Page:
Unit Testing Best Practices

Unit Testing Best Practices: A checklist

In the last couple of months, we’ve covered the subject of Unit Testing quite a lot. From how to write your first unit tests to create test data with Builders to how to write better fakes. I hope I’ve helped you to start writing unit tests or write even better unit tests.

This time, I’m bringing some of the tips and best practices from my previous posts in one place.

1. On Naming

Choose a naming convention and stick to it.

Every test name should tell the scenario under test and the expected result. Don’t worry about long test names. But, don’t name your tests: Test1, Test2 and so on.

Describe in your test names what you’re testing in a language easy to understand even for non-programmers.

Don’t prefix your test names with “Test”. If you’re using a testing framework that doesn’t need keywords in your test names, don’t do that. With MSTest, there are attributes like [TestClass] and [TestMethod] to mark methods as tests. Other testing frameworks have similar attributes.

Don’t use filler words like “Success” or “IsCorrect” in test names. Instead, tell what “success” and “correct” means for that test. Is it a successful test because it doesn’t throw exceptions? Is it successful because it returns a value different from null? Make your test names easy to understand.

If you want to learn more about naming your tests, check How to name your test: 4 naming conventions where we write test names for the same methods using 4 different naming conventions.

2. On Organization

Make your tests easy to find.

Put your unit tests in a test project named after the project they test. Use the suffix “Tests” or “UnitTests”. For example, if you have a library called MyLibrary, name your test project: MyLibrary.UnitTests.

Put your unit tests separated in files named after the unit of work or entry point of the code you’re testing. Use the suffix “Tests”. For a class MyClass, name your test file: MyClassTests.

Workbench full of tools
Keep your tests organized and easy to find. Photo by Barn Images on Unsplash

3. On Assertions

Follow the Arrange/Act/Assert (AAA) principle.

Separate the body of your tests. Use line breaks to visually separate the three AAA parts in the body of your tests.

Don’t repeat the logic under test in your assertions. And, please, don’t copy the tested logic and paste it into private methods in your test files to use it in your assertions. Use known/pre-calculated values, instead.

Don’t make private methods public to test them. Test private methods when calling your code under test through its public methods.

Have a single Act and Assert parts in your tests. Don’t put test values inside a collection to loop through it and assert on each value. Use parameterized tests to test the same scenario with different test values.

Use the right assertion methods of your testing framework. For example, use Assert.IsNull(result); instead of Assert.AreEqual(null, result);.

Prefer assertion methods for strings like Contains(), StartsWith() and Matches() instead of exactly comparing two strings.

If you want to learn more about writing better assertions, check 4 common unit testing mistakes where we learn not to duplicate logic in your assertions.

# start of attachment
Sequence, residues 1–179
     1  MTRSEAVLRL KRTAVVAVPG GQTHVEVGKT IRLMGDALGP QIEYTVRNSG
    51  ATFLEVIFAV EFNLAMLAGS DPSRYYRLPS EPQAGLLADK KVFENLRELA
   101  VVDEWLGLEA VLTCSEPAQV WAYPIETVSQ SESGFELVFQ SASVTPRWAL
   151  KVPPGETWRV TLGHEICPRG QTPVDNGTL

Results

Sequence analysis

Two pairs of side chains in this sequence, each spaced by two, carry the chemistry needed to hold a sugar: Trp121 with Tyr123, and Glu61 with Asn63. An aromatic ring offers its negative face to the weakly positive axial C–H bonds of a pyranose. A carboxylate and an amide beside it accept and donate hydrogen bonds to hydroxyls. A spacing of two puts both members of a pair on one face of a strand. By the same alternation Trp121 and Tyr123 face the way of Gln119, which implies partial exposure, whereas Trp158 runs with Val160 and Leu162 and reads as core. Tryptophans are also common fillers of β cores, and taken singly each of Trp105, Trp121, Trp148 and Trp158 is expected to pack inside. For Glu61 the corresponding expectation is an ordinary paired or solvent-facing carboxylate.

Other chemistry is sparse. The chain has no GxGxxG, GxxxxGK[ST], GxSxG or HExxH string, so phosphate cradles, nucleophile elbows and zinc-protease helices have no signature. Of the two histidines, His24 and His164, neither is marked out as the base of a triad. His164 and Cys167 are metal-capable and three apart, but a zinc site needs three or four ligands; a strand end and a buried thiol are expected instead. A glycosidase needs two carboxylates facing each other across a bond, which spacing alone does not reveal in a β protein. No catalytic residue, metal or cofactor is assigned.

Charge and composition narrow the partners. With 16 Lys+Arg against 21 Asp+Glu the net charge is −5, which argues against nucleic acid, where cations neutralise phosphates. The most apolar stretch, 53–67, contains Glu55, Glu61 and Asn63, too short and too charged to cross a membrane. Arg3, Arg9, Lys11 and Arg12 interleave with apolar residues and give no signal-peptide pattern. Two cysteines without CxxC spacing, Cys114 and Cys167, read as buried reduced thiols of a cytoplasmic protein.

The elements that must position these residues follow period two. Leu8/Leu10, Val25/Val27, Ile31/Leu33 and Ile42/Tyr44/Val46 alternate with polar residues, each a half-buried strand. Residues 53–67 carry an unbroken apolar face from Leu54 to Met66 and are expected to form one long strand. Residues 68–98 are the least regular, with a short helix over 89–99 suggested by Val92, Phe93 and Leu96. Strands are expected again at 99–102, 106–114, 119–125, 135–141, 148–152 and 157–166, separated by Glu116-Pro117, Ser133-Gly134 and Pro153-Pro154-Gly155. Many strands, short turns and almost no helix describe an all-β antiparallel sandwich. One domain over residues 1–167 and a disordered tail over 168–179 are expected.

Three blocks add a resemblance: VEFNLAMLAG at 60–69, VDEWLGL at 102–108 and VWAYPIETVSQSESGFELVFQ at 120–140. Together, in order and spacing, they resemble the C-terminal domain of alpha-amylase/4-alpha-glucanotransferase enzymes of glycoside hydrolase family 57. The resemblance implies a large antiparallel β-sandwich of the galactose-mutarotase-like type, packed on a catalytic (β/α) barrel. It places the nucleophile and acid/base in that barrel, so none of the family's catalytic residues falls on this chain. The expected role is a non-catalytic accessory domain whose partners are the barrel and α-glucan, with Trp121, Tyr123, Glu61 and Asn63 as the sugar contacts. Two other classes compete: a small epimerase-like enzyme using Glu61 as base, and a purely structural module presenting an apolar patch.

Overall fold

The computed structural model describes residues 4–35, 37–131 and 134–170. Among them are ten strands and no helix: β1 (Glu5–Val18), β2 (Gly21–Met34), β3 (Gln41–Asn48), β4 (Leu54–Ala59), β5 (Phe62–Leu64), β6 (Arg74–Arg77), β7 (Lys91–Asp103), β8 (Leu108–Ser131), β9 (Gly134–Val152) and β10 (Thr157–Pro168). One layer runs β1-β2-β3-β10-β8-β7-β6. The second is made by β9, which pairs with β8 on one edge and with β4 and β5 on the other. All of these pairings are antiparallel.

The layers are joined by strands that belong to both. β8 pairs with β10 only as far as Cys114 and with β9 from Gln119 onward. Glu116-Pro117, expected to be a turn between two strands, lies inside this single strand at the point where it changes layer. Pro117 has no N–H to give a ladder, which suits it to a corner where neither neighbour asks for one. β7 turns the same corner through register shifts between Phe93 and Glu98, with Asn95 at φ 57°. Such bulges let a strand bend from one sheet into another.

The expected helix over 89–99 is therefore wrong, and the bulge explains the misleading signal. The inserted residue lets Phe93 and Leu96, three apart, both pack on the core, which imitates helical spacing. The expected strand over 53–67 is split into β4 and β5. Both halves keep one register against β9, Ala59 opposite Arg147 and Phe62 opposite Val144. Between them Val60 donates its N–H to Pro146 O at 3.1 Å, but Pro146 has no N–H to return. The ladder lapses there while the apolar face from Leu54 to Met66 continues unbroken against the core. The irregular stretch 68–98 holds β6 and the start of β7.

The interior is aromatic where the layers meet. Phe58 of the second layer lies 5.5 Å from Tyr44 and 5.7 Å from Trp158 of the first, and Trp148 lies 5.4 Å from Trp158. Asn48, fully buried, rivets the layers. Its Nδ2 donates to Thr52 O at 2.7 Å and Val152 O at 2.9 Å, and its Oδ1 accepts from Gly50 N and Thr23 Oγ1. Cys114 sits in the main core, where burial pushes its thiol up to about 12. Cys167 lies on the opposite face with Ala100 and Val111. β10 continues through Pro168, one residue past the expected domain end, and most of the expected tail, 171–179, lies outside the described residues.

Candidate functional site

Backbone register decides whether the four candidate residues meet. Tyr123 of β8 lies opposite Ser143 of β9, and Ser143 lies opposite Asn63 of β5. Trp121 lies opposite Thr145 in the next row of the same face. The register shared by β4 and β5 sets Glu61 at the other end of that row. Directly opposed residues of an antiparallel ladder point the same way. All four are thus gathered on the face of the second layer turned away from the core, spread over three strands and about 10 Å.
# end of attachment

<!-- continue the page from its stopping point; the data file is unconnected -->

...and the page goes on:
4. On Test Data

Keep the amount of details at the right level

Give enough details to your readers, but not too many to make your tests noisy.

Use factory methods to reduce complex Arrange scenarios.

Make your scenario under test and test values extremely obvious. Don’t make developers to decode your tests. Create constants for common test data and expected values.

Use object mothers to create input test values. Have a factory method or property holding a ready-to-use input object. Then, change what you need to match the scenario under test.

Prefer Builders to create complex object graphs. Object mothers are fine if you don’t have lots of variations of the object being constructed. If that’s the case, use the Builder pattern. Compose builders to create complex objects in your tests.

Do you want to see examples of Object Mothers and Builders? Check How to create test data with the Builder pattern where we test a credit card validator.

5. On Stubs and Mocks

Write dumb fakes

Use fakes when you depend on external systems you don’t control. Check your code makes the right calls, with the right messages.

Avoid complex logic inside your fakes. For example, don’t add flags to your stubs to return one value or another. Write separate fakes, instead.

Don’t write assertions for stubs. Assert on the output of your code under test or use mocks.

Keep one mock per test. Don’t use multiple mocks per test. Write separate tests, instead.

Make tests set their own values for fakes. Avoid magic values inside your stubs.

Use descriptive names in your fakes. Name your stubs to indicate the value they return or the exception they throw. For example, ItemOutOfStockStockService and FixedDateClock.

Do you know what are stubs and mocks? Check What are fakes in unit testing to learn the difference between them. Check these Tips to write better stubs and mocks.

Voilà! Those are my best practices to write better great unit tests. Don’t forget to always start writing failing tests. And, make sure they fail for the right reasons. If you don’t follow Test-Driven Development, comment some of your code under test or change the assertions on purpose to see your tests failing.

If you want to have these best practices next to you, grab your free copy of my Unit Testing 101 ebook. Feel free to share it.

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Remember, not because you don’t ship your tests to your end users, it doesn’t mean you shouldn’t care about the quality of them. Unit tests got your back when changing your code. They’re your safety net.

Happy testing!